Dasy to invest €20 million in new fish meal plant

28-09-2010 | |
Dasy to invest €20 million in new fish meal plant

Spanish pet food and fish feed manufacturer Dasy Organización is to invest more than €20 million in building a new plant for production of fishmeal for animal feed in Osuna, Andalusia, Spain.

The firm, owned by agribusiness PGG group plans to invest an additional €20 million in its rendering plant which is in operation for eight years now, bringing total investment in facilities amount to €40 million.
Dasy president, José María Gimeno, said the new plant will create 200 new jobs, which will join the 200 jobs already in the locality. Osuna will process chicken meal for animal feed and supply feed to its fish farms.
"We will rearrange our activities. The Barcelona plant will produce for Spain, France, Germany and Italy while almost 100% of the Osuna production plant will be dedicated for export to China and Southeast Asian countries such as Vietnam, Thailand or Malaysia, "said Gimeno.
"We’re talking about 30 or 40 containers per week that will go through Cadiz and Algeciras", stated the company president.
New strategy
PGG’s new strategy has also provided commercial reorganization. The headquarters of Dasy Organización has moved to Andalusia and the company will channel the internationalization of the group.
The firm already has two fishmeal plants in Colombia and is developing two other projects in Venezuela and Morocco.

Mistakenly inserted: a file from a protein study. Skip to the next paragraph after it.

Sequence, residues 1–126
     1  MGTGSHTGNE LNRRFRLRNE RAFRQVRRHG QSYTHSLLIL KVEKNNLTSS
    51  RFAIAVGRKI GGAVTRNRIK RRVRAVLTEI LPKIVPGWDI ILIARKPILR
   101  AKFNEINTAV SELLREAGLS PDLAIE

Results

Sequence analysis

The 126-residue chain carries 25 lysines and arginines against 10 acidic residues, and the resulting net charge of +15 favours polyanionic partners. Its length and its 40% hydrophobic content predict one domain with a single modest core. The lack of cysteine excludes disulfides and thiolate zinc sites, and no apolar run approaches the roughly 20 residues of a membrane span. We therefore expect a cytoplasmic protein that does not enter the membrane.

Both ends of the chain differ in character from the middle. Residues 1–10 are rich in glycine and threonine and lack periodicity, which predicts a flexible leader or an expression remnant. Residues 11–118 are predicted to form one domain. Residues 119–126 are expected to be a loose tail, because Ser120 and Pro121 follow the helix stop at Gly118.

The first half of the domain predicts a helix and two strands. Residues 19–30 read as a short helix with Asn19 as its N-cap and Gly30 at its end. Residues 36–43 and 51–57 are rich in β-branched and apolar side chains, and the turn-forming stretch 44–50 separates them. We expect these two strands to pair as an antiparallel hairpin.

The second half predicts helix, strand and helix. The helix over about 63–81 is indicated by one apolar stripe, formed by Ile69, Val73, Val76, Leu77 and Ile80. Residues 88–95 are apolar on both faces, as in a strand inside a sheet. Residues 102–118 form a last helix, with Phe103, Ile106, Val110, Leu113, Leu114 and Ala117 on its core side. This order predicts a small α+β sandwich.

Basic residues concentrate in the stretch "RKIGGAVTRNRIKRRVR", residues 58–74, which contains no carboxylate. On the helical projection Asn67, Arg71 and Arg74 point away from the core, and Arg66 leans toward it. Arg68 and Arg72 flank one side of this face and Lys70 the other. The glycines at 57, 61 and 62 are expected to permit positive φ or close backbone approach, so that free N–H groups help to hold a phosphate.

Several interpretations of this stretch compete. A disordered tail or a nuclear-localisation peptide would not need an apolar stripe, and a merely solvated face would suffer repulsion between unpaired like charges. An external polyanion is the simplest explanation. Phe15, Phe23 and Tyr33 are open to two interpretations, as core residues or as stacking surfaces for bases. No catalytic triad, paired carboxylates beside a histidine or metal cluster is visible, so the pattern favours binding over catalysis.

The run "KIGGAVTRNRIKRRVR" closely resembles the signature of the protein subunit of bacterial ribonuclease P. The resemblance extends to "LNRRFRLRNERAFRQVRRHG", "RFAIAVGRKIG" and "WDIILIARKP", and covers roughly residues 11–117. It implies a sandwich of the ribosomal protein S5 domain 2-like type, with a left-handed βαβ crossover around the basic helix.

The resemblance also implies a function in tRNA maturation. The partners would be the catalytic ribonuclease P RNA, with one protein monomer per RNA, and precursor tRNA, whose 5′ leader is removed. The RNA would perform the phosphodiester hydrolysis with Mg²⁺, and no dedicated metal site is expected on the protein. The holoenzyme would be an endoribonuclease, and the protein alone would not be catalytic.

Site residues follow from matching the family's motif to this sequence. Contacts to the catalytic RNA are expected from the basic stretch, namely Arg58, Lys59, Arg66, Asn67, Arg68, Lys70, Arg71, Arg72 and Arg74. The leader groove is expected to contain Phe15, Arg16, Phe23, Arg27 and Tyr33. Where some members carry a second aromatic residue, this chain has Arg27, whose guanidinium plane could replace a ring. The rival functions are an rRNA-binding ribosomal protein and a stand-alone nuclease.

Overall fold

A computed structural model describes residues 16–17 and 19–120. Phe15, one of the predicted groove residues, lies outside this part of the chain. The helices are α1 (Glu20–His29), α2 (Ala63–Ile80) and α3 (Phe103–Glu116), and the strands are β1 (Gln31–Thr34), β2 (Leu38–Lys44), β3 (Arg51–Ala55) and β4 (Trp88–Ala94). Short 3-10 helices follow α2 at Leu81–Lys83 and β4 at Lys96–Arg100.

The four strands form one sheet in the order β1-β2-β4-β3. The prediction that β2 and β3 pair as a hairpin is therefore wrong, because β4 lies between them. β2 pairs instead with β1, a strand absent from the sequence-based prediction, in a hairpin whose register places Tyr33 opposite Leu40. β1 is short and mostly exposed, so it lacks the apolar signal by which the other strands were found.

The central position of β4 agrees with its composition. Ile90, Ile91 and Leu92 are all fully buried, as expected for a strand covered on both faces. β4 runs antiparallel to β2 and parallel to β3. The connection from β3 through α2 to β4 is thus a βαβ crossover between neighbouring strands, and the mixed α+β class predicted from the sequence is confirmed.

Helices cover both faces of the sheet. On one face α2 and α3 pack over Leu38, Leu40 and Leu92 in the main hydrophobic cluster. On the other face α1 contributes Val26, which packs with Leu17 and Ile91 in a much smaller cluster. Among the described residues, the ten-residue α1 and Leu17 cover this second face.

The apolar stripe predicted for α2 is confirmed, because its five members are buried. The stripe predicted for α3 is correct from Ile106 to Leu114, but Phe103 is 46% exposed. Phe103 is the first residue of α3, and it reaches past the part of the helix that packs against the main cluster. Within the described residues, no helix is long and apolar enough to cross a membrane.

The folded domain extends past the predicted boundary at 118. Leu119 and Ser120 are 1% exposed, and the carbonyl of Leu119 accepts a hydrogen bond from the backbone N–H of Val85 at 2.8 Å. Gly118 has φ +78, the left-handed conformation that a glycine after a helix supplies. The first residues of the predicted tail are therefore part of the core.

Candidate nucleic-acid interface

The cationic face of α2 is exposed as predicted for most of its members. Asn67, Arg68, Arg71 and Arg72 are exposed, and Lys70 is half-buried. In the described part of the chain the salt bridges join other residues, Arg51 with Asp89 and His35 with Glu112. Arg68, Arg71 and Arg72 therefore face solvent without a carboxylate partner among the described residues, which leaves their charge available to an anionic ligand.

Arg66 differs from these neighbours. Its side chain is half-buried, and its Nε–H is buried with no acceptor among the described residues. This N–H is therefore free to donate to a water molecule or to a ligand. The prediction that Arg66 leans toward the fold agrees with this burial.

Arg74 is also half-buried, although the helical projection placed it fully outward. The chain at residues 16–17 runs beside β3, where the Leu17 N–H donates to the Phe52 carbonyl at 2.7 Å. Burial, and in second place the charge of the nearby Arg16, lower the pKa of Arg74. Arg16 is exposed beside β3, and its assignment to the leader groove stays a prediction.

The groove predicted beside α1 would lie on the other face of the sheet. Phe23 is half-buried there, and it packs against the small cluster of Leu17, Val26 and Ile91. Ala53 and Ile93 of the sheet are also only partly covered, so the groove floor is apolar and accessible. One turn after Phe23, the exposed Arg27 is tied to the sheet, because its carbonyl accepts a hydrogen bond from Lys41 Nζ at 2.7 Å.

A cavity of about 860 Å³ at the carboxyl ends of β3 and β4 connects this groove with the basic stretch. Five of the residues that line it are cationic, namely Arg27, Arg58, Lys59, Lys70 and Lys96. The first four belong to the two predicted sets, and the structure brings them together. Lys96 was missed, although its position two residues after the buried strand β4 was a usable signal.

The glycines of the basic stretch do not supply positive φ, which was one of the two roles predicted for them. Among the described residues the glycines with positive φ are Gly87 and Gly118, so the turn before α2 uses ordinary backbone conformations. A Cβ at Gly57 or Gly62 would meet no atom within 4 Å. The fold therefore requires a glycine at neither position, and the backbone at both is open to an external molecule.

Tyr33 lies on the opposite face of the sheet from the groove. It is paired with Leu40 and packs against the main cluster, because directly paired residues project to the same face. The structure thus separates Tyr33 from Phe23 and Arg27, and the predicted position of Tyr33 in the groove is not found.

The group, which employs about 300 workers in total at different production sites, has a turnover of about €70 million, of which the Andalusian business contributes €20 million.
"With these investments, you probably increase turnover between 40 and 50 million just in Andalusia," Gimeno adds.
Mad cow crisis
As rendering operation, Dasy began operations in 2002 with the mad cow crisis, when the government of Andalucía awarded the company the sole service of collection, transportation and destruction of animals.
Until two years ago Dasy worked directly with the local government through an administrative concession. "But in 2009 it had to deal with the public company, Tragsega, a Tragsa subsidiary, which lacks the ability to carry out the service and the collection system," Gimeno said.
Its concession with Tragsega is renewed year by year, something which Gimeno does not appreciate.
Gimeno called the government to ensure the provision of the service for at least ten years to be able to undertake the investment plan with some guarantees.
"We need this safety over time because in less than ten years it is impossible to earn a return on an investment of twenty million euros," he said.

Dick Ziggers Former editor All About Feed
More about